Where things really pick up, to some degree of success, is when you actually get onto the pitch which, as mentioned before, bizarrely seems to happen at the end of every day. There is a very accessible tactics editor that will let you drag and drop your way to tactical success, whether it be counter attacking patterns or just general formations. It is simple and intuitive but will let any player choose exactly how they wish their team to organise themselves on the hallowed turf. As the match plays out you watch from the standard football game angle, although there is a level of ugliness in the modelling that is at odds with the colourful cartoon design of the characters during the training element of the game. With the breadth of the game’s ambition it is understandable that it can’t be pretty all of the time but the on the pitch animation is just very poor, there is a real lifelessness as your players amble around with stiff animations. The AI of the players is as ugly as their graphical representation with players making utterly inexplicable decisions, it is odd to see a defensive player on his own running to get a ball that is going for a goal kick only then to kick it out for a corner. There is no real sense of the dynamism of football where strange things can and do happen, all you are left with is a messy and alien portrayal of football.
The high point of Lords of Football is the level of control you have on the pitch. As your team takes control of the ball you can pause the match, at this point you can then highlight where you would like the ball to be played into and what runs other players should be making off the ball. When you resume play you see the plan rolling out in real time and only then do you see if your supposed managerial prowess is effective. An unlikely comparison, although not completely unfair, is that of the project management inspired shooter Frozen Synapse. The interface of highlighting players and marking where you want them to go can be surprisingly inaccurate at times, with it being far too easy to click one more time than meant due to unresponsiveness only to realise you cannot undo that mistake. It’s a minor quibble and once you accept and get used to the control idiosyncrasies you will find yourself giving the interface room to breath.
Plotting out your master plan and hoping that it comes to fruition is exciting and definitely adds an element not seen in other football games but while it is interesting it is not perfectly implemented. As your plan plays out too often some bizarre AI decisions scupper success, whether it be ignoring what you planned or taking far too long to react to your command, and it hurts what is by far the strongest and most interesting part of the game. There is a solid idea here and if the team make another football game then this is what they should focus on; a proper tactical play by play football game. In many ways it is similar to Pro Evolution Soccer on the Wii which used the method of dragging players in the direction you wanted them to run, and building tactical plays on the fly. That was a small revolution for the football genre and a stronger focus here could yield similar results.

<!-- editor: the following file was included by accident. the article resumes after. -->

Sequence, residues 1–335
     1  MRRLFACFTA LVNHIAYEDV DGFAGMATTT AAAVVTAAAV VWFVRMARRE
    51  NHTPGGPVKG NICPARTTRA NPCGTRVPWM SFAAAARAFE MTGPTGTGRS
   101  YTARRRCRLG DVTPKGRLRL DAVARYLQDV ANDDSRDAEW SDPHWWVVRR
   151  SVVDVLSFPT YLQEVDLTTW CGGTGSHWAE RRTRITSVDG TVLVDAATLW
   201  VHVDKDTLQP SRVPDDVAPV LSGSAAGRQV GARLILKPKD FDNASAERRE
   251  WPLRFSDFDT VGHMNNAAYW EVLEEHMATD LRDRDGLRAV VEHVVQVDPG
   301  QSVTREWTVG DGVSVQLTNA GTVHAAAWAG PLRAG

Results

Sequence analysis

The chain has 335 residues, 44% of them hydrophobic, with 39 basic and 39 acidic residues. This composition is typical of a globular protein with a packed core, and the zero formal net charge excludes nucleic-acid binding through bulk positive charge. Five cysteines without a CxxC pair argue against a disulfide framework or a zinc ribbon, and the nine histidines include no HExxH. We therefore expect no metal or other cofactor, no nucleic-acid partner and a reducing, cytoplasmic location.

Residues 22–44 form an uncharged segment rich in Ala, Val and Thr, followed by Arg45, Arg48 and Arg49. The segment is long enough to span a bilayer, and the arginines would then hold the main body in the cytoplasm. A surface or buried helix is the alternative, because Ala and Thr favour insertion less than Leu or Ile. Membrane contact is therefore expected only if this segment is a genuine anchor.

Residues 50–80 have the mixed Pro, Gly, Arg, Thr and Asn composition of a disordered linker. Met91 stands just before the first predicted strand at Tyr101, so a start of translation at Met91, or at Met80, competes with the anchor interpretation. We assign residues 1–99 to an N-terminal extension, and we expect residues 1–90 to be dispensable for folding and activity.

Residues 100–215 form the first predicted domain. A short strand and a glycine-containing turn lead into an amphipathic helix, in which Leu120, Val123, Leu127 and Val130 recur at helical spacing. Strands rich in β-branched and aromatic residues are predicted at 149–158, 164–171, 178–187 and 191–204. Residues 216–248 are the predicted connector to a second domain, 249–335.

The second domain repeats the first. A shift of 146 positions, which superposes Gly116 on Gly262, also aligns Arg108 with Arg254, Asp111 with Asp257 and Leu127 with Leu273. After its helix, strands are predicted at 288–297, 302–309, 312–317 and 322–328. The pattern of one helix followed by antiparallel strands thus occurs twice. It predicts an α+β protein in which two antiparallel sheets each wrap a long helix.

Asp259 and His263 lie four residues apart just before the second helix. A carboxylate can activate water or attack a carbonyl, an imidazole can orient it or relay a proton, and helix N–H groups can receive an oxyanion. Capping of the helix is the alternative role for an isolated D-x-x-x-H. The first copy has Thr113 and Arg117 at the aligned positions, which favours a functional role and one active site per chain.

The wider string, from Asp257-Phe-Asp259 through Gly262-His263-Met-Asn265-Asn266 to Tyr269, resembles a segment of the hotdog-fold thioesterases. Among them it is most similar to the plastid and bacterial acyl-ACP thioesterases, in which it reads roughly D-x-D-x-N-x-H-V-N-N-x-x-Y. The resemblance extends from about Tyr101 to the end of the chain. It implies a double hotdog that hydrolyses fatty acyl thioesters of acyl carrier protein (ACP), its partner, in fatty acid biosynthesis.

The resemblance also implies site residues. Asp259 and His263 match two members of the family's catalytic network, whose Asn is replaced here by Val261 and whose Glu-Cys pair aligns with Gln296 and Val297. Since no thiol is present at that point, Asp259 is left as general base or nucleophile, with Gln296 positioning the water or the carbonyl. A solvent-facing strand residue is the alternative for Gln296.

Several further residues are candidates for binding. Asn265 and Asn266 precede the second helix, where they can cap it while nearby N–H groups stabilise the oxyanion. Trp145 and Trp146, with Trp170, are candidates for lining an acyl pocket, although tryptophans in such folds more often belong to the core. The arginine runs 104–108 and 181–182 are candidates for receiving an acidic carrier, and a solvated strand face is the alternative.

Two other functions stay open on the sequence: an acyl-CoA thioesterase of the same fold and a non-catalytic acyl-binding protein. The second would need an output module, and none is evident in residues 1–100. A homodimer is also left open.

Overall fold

There are other nice touches that keep the game trucking along, your club owner will set you tasks to achieve such as winning the league and in doing so you will reap rewards and see your facilities improve. As your players develop on the training ground more and more exercises will open up and you can build much more diverse and specific training plans to get the most out of your team. However, as with most of Lords of Football the illusion of depth quickly disappears and you are left standing ankle deep in a decent but not exceptional game.
Lords of Football inevitably draws the comparison of being a lightweight version of Football Manager married with The Sims. It’s not an unfair comparison by any stretch of the imagination and it seems that the team have attempted to appeal to multiple audiences without really serving either of them in any particularly strong fashion. It’s an interesting title if only for a few hours and with a hefty price tag it doesn't help itself in getting off the subs bench. There are some great ideas in here but none realised with any real conviction and on the digital pitch of videogames while we wouldn't give Lords of Football a straight red it does get a yellow with a severe talking to.